I have a repeat customer who wants cabinet doors re-sprayed. They are Kraft-maid and they don't need stripped or re-stained, just top-coated. They are 15 years old and the top-coat is wearing. My question is with ML Campbell products, should I put vinyl sealer on first or can I put Krystal right on top?
From contributor S:
Do a light coat of vinyl sealer. Then you can do your Krystal after scuffing the vinyl sealer. Do not expect to get the high performing durability of Krystal with this recoat.
Here's why. Your new topcoat can only be so many dry mils thick because for Krystal you cannot have a total coating weight that exceeds 4-5 dry mils. An application of Krystal that is 1-2 dry mils has nowhere near the performance and durability of a Krystal coating system that is through-and-through 4-5 dry mils.
You do not know the amount of existing dry mils of finish. I suggest that you clean your areas to be recoated with a mixture of TSP and water. Rinse with clean water. Scuff real good with 280 grit or 320 grit stearated sandpaper. Lay down a thin coating of vinyl sealer (you can shoot anything from unreduced 25% solids to something cut in half at 12% solids). Scuff with 320 and lay down one coating of Krystal.
Now you are done. No guarantees on the behavior of your new coatings or its durability or performance. The only aspect of the whole operation is that you can predict how you want it to look in the end, not even how long the coating will last.
I should have mentioned first that if your original coating is wearing in such a way that it is starting to degrade, chip and peel then you are too late for a recoat. Degraded finishes should not be recoated. They should be stripped.
I wouldn't try cleaning them with anything lest you push what's there around and make it worse. Your best option in my opinion is to choose a waterborne you want to use as a topcoat and apply it correctly (light scuff with 320 or even Scotchbrite unless you're using a urethane which may require a sealer and a heavier grit sanding). If it fisheyes you will know within a few minutes if not instantaneously and at least you'll have a decent chance at wiping it off with a really wet rag.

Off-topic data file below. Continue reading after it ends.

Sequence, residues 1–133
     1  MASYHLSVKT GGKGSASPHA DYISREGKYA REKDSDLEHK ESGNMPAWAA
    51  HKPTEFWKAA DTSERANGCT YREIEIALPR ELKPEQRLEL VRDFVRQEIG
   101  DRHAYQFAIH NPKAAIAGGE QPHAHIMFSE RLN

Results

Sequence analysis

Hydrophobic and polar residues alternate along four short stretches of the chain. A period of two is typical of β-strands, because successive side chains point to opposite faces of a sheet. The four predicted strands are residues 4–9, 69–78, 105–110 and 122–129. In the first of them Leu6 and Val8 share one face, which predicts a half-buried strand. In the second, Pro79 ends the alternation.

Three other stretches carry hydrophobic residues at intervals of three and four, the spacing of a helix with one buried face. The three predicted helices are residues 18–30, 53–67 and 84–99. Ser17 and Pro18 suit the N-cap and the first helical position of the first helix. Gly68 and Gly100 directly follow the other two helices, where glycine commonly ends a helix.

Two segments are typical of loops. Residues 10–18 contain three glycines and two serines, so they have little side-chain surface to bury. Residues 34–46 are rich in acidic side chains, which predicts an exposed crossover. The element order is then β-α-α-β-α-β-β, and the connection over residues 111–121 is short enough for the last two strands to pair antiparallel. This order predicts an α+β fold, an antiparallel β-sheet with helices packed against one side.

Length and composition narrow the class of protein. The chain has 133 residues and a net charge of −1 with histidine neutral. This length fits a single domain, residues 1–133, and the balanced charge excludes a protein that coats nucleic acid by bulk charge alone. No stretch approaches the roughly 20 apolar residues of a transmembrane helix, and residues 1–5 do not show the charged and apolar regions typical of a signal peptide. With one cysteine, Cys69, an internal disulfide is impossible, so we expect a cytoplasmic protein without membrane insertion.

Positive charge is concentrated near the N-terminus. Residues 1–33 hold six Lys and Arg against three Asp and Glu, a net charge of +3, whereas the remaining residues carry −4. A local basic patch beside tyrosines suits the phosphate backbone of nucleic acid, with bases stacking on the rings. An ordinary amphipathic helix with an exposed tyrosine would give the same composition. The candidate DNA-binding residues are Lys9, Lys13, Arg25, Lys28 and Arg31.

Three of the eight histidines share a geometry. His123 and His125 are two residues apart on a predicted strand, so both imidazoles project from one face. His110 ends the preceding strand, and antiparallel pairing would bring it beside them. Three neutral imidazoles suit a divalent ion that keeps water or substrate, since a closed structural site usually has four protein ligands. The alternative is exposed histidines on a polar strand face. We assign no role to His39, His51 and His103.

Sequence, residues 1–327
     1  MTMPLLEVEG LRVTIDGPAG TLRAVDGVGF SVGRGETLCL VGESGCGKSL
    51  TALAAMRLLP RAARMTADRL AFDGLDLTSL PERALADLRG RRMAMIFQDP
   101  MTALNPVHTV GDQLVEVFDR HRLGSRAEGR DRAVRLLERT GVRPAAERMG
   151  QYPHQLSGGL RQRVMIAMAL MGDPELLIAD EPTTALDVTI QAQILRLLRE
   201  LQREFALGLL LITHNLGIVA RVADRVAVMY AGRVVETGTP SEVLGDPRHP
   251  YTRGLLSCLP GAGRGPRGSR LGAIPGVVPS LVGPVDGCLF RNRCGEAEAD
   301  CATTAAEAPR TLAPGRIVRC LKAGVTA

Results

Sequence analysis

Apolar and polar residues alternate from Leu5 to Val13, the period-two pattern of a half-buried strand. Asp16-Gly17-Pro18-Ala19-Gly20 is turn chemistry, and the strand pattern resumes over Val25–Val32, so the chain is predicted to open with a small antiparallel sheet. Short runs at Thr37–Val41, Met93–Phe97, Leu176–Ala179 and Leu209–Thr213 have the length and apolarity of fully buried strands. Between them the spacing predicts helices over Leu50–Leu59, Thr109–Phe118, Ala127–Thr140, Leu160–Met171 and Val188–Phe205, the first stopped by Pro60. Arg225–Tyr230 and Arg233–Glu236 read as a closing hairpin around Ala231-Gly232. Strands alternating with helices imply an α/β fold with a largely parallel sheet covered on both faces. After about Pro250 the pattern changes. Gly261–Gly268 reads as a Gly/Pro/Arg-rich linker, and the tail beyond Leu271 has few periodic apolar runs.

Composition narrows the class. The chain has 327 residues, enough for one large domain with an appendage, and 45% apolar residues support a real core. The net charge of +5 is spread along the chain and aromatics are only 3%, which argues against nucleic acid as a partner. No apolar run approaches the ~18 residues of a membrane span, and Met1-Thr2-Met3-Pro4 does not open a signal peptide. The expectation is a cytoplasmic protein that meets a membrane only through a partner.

The only problem here could be that the contaminants migrate over 24 hours and you won't have time to wipe. I'd like to tell you to just go for it and maybe you will and if so I hope you don't have a problem. If you're at all worried by my suggestion (which I make because it happened to me and caused me grief) that adhesion could be a problem then at least brief your client and do a test. What's the worst that could happen? You could end up having to match/replace every finished surface on the kitchen.
Using "softer" solvents like retarders in the new coating can be a big help in preventing wrinkling and separation in the recoat. There are plenty of areas where you can do your testing on the cabinets, and barrier coatings are another option you can consider. Recoating is not for every shop. If you’re going to do recoating, you need to do your homework on each and every job you do.